The McKinley Tariff of 1890 also helped drag the nation into war later that decade. As John Dobson explained in his 1976 book, Two Centuries of Tariffs: The Background and Emergence of the U.S. International Trade Commission,
When William McKinley was drafting his sweepingly protective revision of the tariff schedules in 1890, he realized that some sources of the surplus revenue would have to be eliminated in order to justify raising other rates. For this and other reasons, sugar ended up on the free list, effectively reducing the income from customs duties by approximately $50 million to $60 million a year. ... In order not to leave U.S. producers without a competitive advantage, the act authorized the Government to pay them a 2 cent per pound bounty on their production. … When the Democrats revised the tariff 4 years later, they restored a portion of the old duty on sugar and dropped the bounty. Then in 1897, the Republicans restored the bounty, but did not eliminate the duty.
Because planters in the Kingdom of Hawaii could not profitably export sugar to the U.S. market over post–Civil War tariff rates, the Royal Government finally succeeded in negotiating a reciprocal trade agreement in 1875 that allowed Hawaiian sugar to enter the U.S. without being taxed. In return, Hawaii reduced or eliminated taxes on certain U.S. goods it purchased. The U.S.-Hawaiian reciprocal trade agreement made sugar growing tremendously profitable in the islands, and U.S. planters or planters of U.S. descent settled in the islands and cultivated huge tracts of land, importing thousands of Japanese and Chinese laborers to work their fields. Between 1875 and 1890, U.S. consumption of Hawaiian sugar increased over 1400 percent. Thus, the reciprocity treaty confirmed Hawaiian economic dependence on the U.S. When the 1890 McKinley Act eliminated the tariff on sugar, it effectively destroyed the reciprocity advantage Hawaii had over other tropical regions and the islands’ economy collapsed. In the ensuing economic crisis, the American planters on the islands overthrew the Hawaiian monarchy, set up a Hawaiian Republic, and sought annexation by the United States.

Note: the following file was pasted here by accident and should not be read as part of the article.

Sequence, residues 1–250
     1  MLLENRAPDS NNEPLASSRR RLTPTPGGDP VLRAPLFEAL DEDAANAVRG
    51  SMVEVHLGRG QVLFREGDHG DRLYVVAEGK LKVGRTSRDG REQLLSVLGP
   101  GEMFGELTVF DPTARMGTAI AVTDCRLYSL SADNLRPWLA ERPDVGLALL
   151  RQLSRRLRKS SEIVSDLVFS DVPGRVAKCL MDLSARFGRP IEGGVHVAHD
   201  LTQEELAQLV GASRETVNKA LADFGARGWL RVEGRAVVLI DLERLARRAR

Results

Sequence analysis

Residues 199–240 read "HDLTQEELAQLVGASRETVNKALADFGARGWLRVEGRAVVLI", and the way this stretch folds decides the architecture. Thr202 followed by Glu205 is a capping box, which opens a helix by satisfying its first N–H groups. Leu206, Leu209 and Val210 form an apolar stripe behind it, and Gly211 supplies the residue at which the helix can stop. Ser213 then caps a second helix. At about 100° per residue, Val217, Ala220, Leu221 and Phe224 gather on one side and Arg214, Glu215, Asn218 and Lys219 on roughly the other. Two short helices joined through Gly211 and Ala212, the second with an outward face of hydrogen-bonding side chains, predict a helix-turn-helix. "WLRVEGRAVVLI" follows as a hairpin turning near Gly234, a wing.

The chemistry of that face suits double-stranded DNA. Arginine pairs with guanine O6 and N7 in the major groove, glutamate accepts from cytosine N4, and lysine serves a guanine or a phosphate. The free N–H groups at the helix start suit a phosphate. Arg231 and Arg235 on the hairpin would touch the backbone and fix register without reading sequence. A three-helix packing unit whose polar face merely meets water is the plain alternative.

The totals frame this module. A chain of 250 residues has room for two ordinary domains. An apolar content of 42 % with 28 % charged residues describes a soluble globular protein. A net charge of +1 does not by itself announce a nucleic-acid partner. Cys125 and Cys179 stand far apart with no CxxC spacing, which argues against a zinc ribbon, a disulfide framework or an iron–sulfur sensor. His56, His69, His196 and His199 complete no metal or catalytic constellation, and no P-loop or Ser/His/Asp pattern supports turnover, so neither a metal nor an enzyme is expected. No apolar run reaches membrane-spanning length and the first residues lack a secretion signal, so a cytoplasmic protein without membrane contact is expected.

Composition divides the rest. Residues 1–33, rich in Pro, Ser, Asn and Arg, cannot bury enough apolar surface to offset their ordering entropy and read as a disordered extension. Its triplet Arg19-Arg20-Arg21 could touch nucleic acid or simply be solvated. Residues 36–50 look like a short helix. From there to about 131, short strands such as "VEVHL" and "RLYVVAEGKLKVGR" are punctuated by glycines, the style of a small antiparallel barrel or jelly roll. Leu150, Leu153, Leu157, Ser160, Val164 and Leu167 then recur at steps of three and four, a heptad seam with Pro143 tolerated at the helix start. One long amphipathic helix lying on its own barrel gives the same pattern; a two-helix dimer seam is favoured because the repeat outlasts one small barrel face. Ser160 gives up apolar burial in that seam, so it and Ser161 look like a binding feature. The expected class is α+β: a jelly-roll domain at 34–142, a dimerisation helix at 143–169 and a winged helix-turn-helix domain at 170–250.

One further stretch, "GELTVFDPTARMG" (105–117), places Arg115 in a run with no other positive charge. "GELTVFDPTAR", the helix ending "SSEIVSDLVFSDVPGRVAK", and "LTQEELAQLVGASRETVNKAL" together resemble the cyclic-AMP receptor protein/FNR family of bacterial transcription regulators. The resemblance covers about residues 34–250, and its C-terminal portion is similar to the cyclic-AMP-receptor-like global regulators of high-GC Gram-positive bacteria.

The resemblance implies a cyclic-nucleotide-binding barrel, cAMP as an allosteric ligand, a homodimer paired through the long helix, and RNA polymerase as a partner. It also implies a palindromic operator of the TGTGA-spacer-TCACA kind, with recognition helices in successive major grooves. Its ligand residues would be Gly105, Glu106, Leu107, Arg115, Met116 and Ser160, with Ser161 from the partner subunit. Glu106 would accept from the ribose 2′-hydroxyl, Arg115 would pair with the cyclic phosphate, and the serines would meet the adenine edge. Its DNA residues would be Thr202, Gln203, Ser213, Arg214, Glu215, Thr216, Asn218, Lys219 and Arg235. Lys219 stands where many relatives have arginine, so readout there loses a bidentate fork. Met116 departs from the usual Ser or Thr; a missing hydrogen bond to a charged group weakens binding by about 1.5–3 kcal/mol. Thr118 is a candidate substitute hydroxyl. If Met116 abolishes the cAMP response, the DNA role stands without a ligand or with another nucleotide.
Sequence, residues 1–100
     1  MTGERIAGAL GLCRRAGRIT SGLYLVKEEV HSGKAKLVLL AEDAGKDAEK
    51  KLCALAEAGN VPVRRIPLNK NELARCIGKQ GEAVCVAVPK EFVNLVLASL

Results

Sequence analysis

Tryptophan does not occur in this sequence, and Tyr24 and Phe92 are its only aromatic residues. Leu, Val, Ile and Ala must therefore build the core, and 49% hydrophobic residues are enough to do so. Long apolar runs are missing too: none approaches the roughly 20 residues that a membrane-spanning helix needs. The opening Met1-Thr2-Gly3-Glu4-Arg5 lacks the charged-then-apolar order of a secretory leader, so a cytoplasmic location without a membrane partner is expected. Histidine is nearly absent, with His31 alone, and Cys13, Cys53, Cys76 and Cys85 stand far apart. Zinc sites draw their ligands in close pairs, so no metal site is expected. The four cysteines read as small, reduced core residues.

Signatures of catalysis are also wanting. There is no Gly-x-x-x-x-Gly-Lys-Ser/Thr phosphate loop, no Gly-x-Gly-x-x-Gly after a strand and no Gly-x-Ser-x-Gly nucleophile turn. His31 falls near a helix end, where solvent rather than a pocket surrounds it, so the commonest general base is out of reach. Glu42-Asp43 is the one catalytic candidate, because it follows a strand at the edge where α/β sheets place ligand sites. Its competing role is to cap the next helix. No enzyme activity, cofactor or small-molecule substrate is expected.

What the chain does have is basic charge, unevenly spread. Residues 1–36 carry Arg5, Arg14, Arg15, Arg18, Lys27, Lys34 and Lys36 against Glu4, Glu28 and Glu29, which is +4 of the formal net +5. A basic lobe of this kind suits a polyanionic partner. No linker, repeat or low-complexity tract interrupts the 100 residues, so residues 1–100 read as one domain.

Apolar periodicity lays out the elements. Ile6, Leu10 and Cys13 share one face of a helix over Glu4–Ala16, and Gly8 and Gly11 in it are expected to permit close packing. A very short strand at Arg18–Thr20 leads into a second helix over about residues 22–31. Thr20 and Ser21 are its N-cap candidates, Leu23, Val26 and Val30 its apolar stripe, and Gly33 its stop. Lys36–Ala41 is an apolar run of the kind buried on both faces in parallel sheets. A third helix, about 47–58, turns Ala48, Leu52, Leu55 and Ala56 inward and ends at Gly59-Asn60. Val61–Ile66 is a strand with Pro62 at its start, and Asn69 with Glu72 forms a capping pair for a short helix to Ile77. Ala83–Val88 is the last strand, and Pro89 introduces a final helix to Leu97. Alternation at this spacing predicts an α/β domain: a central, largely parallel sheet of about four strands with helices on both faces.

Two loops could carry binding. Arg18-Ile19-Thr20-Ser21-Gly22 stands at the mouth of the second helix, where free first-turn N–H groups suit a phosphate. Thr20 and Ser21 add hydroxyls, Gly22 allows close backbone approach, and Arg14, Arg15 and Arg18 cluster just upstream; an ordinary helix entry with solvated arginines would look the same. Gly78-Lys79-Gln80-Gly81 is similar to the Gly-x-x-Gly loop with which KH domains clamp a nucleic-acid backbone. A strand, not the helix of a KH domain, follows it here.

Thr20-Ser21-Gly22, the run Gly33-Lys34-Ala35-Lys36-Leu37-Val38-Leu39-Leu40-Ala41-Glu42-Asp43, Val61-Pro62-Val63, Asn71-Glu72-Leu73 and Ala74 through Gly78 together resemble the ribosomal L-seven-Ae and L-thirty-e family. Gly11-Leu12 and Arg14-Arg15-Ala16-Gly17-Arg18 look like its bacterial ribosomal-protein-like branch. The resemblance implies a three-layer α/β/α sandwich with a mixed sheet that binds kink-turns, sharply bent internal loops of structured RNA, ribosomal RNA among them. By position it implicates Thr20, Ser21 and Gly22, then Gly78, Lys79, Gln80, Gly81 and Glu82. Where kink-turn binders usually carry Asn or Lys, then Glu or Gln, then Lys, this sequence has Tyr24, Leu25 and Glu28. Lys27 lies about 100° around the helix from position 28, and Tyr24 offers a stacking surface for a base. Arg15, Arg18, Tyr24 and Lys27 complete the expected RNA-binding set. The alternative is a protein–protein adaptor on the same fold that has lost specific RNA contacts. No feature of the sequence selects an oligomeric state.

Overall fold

While the cancellation of the U.S. sugar tariff had drastically damaged Hawaii’s economy, it had benefitted the Spanish colony of Cuba enormously. The Cuban economy boomed dramatically, since Cuban sugar could now be shipped tax-free into U.S. markets. The restoration of the duty in 1894, coming on the heels of the worldwide depression of 1893, seriously damaged Cuba’s prosperity. In a few months, Cuban revolutionaries had capitalized on the discontent of the impoverished Cuban peasants and had renewed a bloody fight for independence begun 25 years before. … This conflict ultimately drew the U.S. into a war with Spain in 1898. The war, in turn, led the U.S. to establish possession of several islands in the Caribbean and the Pacific as well as triggering the annexation of Hawaii. Thus, the seemingly innocent juggling of the sugar duty had important consequences for the U.S. and for the world.
The Republicans recaptured the White House in 1896, and a big tariff increase followed in 1897. As the classical-liberal editor of The Nation, Oswald Garrison Villard, observed on the 1897 tariff, “Its effect on the American working man’s standard of living appears from the fact that in the first ten years after its enactment the price of raw materials increased 50%, and of manufactured goods 32%, while wages in more than four thousand establishments rose only 19%.”
The Reform Club of New York released a study in 1903 that showed “out of an average family expenditure of $940, no less than $111 represented the total tariff tax, and that of this $111 only $16.52 was taken by the Government, the other $94.48 passing to the Capitalists in the protected trades.”
World War I and its Aftermath
During the First World War, normal trade with Europe was cut off. As with the War of 1812, many new American industries sprang up. Naturally, since there were new industries, the nation required much higher tariffs after the war. Tariffs were raised sharply in 1921 and 1922, even though the United States had a huge trade surplus at the time. The higher tariffs bushwhacked Europeans who had borrowed billions during and after the war, practically barring them from earning dollars to pay back their debts. More than a hundred thousand Americans died in a war claimed to prevent the subjugation of Belgium, France, Britain, and other countries. Then, as soon as the troops got home, Congress worked feverishly to prevent Americans from buying Belgian, French, and British products. The Republican high-tariff policy climaxed in the Smoot-Hawley Tariff Act of 1930 — one of the primary causes of the worldwide Great Depression that helped pave the way to World War II.
The history of U.S. trade policy should vaccinate anyone against expecting visionary economic thinking from Capitol Hill. Unfortunately, most Americans are unaware of the role of U.S. trade barriers in spurring exploitation at home and conflict abroad.
This article was first published by the Future of Freedom Foundation.